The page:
Internally, the case back is beautifully decorated with an engine turned pearled pattern, together with the serial number 755594 N, the wording “Brevet ( Patent) 71363” and a full set of British hallmarks, these telling us that this housing was assayed as solid sterling silver in Glasgow, 1918. Also present here is the sponsor’s mark “A.G.R”, this telling us that this case was submitted for assay by Arthur George Rendell, of 40-42 Clerkenwell Road London. This company, a highly regarded silversmiths, is one that crops up time and time again in the context of the early wristwatch. Its work was of an exceptionally fine standard, and its watch cases were extremely heavy, having considerably thicker walls than the majority from this period.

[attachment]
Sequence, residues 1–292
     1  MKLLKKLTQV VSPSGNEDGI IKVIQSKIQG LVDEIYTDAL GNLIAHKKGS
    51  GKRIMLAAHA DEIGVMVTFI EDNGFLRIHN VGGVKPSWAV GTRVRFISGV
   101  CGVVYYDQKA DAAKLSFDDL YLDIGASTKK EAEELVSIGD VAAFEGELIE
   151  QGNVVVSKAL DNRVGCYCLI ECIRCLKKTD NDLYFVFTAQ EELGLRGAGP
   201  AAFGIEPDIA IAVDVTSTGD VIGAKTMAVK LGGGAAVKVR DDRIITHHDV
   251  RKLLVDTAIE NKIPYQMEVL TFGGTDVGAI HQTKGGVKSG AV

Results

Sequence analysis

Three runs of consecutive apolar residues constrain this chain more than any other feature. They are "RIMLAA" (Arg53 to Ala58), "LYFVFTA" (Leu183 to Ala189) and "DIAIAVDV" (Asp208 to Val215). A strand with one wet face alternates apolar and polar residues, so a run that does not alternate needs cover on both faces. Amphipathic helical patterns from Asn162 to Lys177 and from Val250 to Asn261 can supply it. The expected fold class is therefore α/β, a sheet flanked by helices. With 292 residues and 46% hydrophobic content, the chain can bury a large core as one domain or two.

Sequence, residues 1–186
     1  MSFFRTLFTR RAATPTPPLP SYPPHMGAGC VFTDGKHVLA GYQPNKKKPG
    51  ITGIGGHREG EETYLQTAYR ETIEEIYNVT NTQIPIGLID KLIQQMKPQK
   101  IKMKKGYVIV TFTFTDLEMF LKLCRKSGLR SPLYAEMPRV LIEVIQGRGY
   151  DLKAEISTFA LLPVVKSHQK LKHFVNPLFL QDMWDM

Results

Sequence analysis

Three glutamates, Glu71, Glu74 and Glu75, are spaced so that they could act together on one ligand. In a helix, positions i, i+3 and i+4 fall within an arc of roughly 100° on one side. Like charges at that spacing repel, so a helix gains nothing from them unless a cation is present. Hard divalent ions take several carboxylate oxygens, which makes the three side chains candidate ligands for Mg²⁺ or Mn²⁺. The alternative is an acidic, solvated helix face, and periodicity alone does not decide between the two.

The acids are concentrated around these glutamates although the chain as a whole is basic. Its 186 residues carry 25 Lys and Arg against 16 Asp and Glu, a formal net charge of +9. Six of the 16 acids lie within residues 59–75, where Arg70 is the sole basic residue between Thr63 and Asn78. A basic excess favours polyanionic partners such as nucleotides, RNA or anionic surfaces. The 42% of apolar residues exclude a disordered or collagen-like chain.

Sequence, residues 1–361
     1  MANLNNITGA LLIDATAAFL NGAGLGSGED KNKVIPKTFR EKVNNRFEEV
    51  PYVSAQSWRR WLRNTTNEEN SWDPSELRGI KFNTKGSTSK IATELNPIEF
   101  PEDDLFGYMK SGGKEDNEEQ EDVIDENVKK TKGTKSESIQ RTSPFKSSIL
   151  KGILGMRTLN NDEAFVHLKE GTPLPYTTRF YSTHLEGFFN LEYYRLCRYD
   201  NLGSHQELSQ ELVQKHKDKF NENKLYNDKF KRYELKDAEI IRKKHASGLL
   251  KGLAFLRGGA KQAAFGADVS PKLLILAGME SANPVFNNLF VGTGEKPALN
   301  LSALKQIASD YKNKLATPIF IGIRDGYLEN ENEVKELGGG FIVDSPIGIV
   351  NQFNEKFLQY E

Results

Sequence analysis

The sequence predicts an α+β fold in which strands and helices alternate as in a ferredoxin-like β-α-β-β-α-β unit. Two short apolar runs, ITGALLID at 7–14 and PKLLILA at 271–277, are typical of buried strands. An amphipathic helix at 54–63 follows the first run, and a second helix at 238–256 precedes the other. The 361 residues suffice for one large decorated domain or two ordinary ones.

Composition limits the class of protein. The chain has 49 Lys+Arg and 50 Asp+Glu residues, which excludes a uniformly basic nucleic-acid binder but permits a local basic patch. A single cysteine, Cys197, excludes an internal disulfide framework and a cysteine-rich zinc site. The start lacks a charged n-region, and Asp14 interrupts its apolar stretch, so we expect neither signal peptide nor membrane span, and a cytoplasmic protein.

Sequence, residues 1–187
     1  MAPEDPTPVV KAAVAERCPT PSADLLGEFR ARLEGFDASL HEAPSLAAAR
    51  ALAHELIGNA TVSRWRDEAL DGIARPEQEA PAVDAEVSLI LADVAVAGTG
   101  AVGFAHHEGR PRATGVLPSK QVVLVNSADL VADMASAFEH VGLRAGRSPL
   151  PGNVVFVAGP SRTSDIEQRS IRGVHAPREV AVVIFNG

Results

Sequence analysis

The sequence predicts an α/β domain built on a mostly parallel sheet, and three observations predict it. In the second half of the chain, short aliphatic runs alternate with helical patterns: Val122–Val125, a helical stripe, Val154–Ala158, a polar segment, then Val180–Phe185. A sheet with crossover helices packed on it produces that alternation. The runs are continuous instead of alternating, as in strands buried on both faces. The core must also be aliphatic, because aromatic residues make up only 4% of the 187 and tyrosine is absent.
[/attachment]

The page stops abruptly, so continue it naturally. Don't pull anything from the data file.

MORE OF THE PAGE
When buying an early hunter wristwatch, take a few moments to ensure that its case components are consistent with each other, and that the item is indeed a genuine wristwatch rather than a converted ladies’ pocket watch. Here, exactly as it should be, the serial number 755594 N is repeated on both the flip-up dial cover and the case back, as indeed is the A.G.R stamping. Further confirmation that all is well comes from the most attractive engraved coat of arms on the outer lid, this being the heraldic crest of the town of Gateshead, complete with its Latin motto “Caput Inter Nubila Condit”. It has been an awfully long time since the correct conjugation of Latin verbs was high on my priority list, but in very loose terms, this translates as something like “The head is found between the stars”. More importantly to us here, this Gateshead related theme on both case front and back engravings tells us that the various component parts of this housing have been together since new.